This essay gives a personal viewpoint of the environment for girls’ and women’s sport in the years surrounding the origination of Title IX and the organizational impacts unleashed by this legislation. Particular attention is given to the, somewhat surprising, degree to which men in power positions in sport benefitted from Title IX’s uneven pattern of enactment. A cautionary note suggests that advocates in future work take careful steps so that language and protocols of potential legislation assure benefits to the intended beneficiaries rather than others. A concluding assessment asserts that one of the strongest positives of Title IX is a shift in stance of female athletes from being “grateful for banquet leftovers” to an expectation of equity in treatment and benefits.

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Amina Haggar and Audrey R. Giles

Guided by the experiences and perspectives of sport practitioners, in this paper, an intersectional lens was used to examine age, gender, race, socioeconomic status, and religion and how they relate to the recruitment and participation of second-generation, low-income, African Canadian, Black Muslim, and Christian adolescent girls in a community-based basketball program in Ottawa, Canada. Semistructured interviews were conducted with 11 program coordinators and coaches involved in the City of Ottawa Community Centre Basketball League (CCBL), and reflexive thematic analysis of the data was engaged. The findings were threefold: (a) CCBL coordinators and coaches recognize the importance of representation to enhancing their support to program users; (b) CCBL coaches and coordinators make efforts to build trust with and increase buy-in from first-generation immigrant parents to improve girls’ program participation; and (c) CCBL coaches and coordinators make religious accommodations in response to the needs of Muslim and Christian program users. The findings illustrated that community-based sport programs serving second-generation African Canadian adolescent girls in low-income communities require multifaceted program and outreach strategies that consider the intersecting social experiences of participants to improve recruitment and participation. To conclude, policy and program design and implementation strategies to support the creation of inclusive, equity-driven community-based sport practices were proposed.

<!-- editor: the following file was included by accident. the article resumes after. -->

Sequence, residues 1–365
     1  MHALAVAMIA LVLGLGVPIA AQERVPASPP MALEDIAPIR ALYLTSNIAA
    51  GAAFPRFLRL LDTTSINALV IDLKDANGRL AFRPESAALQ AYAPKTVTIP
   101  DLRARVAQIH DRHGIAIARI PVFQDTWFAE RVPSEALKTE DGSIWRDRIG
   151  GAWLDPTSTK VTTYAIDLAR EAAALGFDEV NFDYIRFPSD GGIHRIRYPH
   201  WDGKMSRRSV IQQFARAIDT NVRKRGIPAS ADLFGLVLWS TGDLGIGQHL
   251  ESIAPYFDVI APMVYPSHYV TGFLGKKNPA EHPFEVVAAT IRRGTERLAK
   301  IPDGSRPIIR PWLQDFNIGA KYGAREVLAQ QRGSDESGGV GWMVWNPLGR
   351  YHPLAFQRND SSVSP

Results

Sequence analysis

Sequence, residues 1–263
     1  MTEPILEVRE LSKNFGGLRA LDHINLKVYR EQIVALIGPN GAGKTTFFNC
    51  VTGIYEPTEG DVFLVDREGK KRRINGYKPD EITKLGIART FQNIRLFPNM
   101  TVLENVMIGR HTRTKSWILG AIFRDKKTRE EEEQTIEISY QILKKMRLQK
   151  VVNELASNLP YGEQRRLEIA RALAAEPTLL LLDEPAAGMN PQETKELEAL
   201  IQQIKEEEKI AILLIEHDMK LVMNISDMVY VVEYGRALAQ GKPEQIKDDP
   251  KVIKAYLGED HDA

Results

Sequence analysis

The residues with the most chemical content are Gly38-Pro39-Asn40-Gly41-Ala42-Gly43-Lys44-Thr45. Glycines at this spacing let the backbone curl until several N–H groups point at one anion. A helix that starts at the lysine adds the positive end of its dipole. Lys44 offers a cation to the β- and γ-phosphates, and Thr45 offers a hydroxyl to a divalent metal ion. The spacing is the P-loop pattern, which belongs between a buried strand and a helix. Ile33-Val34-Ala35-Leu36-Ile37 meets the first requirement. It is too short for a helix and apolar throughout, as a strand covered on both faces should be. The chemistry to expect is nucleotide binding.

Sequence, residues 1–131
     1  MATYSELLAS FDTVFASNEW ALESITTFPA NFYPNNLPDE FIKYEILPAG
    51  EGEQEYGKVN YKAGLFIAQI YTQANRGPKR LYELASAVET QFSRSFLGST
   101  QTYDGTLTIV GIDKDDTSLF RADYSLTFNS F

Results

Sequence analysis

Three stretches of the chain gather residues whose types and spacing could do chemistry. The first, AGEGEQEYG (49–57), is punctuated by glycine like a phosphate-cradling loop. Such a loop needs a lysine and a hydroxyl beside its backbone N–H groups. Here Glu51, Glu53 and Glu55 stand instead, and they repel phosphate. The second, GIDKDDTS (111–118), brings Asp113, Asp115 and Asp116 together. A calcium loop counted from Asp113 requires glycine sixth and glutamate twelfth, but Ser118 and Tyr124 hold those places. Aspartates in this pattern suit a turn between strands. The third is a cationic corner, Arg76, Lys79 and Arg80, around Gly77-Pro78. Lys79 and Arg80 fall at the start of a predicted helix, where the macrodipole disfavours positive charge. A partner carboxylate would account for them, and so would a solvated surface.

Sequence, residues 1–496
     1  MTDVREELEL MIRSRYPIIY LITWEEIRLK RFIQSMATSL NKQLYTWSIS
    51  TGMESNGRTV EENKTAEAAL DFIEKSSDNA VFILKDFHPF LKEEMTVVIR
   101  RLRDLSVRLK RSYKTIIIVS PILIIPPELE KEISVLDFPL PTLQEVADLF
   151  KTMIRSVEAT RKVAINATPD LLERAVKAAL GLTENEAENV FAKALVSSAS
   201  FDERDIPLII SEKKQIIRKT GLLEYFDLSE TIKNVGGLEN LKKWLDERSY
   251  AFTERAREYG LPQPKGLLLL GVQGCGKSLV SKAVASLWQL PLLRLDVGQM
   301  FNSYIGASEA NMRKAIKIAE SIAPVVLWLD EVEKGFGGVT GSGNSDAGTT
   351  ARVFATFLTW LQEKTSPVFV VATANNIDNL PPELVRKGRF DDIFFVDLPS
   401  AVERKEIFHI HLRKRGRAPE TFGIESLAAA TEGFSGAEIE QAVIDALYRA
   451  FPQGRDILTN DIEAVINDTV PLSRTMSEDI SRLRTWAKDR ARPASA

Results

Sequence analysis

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Gashaw Abeza and Jimmy Sanderson

A key feature of a robust academic discipline is that its homegrown theories and investing in theory contribute to building good research. In the field of sport and social media research, the rigorous utilization of theory is one of the areas where the field is still facing “disciplinary pain.” In fact, the unique features of social media provide researchers in the sport research community with a valuable opportunity for proposing, testing, applying, critiquing, comparing, integrating, and expanding theories. In this commentary, the authors, based on their own experience (as researchers, readers, and reviewers of social media in sport), contend that reference resources are lacking on this topic to help young (or existing) researchers locate appropriate theories for their research. Hence, this work identifies, documents, and discusses the theories used, advanced, and developed in social media research for sport studies. Furthermore, a compilation is brought together of different theories from various disciplines that researchers in this community may consider for their future work.